This talk will be in person in Luddy 1106 (Dorsey Learning Hall) and virtual.
Luddy School of Informatics, Computing, and Engineering Informatics Colloquium Series
Informatics Colloquium Series:
Abstract: What algorithms power human and animal intelligence? How can we reproduce these algorithms in machines? To address these questions, my lab performs parallel controlled-rearing experiments on animals and machines. Using a video game engine, we raise newborn animals and ‘newborn’ artificial agents in the same visual environments and measure their behavior with the same tasks. By modeling animals as “runnable” artificial agents raised in realistic virtual environments, we can reverse engineer the neural algorithms found in nature. These “naturally intelligent” algorithms are an untapped goldmine for next-generation artificial intelligence systems. In this talk, I will describe our progress reverse engineering collective behavior and object recognition.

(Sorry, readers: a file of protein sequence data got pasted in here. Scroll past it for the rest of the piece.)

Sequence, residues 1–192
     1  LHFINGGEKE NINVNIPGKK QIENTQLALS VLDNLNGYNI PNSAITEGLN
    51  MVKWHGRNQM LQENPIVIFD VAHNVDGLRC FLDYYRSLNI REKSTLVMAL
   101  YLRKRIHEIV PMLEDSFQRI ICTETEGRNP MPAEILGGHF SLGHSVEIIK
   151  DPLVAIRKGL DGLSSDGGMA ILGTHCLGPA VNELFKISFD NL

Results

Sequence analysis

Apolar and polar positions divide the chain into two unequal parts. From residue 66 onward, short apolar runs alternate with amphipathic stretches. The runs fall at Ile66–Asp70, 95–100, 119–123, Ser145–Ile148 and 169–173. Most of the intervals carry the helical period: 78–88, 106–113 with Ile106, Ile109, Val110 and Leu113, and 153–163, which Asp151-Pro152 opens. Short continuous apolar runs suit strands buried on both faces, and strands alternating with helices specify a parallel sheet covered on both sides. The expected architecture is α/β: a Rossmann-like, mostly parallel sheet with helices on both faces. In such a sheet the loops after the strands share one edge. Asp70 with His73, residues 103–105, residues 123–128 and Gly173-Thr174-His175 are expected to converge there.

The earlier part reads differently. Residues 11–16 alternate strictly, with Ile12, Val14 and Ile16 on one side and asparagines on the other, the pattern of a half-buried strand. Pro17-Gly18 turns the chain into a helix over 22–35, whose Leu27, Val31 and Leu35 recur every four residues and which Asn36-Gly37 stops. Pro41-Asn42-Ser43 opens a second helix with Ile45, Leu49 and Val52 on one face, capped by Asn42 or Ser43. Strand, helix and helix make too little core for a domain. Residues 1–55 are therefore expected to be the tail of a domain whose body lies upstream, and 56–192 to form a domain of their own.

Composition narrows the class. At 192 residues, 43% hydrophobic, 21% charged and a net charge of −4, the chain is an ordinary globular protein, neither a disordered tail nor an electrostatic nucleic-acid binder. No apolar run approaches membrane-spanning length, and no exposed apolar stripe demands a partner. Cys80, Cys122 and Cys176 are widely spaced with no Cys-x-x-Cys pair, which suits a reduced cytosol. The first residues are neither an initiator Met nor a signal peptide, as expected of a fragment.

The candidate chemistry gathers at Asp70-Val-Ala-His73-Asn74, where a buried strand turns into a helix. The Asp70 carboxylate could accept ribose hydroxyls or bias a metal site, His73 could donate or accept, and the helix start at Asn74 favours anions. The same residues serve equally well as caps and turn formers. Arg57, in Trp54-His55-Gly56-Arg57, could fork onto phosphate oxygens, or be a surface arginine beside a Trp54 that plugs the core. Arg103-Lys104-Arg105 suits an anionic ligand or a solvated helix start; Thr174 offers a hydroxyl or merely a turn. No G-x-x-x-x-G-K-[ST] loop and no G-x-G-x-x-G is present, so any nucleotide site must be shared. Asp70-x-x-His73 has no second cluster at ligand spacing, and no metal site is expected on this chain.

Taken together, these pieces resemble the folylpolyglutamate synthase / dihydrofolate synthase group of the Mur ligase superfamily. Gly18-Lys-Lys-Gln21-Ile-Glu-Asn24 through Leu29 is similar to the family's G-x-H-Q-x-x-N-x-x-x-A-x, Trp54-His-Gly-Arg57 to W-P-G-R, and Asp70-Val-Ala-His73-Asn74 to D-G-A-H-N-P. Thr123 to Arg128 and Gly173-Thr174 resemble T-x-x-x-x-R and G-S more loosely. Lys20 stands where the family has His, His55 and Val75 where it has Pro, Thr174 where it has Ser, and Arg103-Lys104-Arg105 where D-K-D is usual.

Biography: Justin Wood is an associate professor studying the origins and computational foundations of intelligence. He works at the intersection of psychology, neuroscience, and artificial intelligence to understand the learning algorithms that power biological intelligence. Professor Wood has studied the psychological abilities of a range of populations, including human adults, infants, chimpanzees, wild monkeys, and newborn chicks. His research is supported by the National Science Foundation, the James McDonnell Foundation, and Facebook Artificial Intelligence Research.
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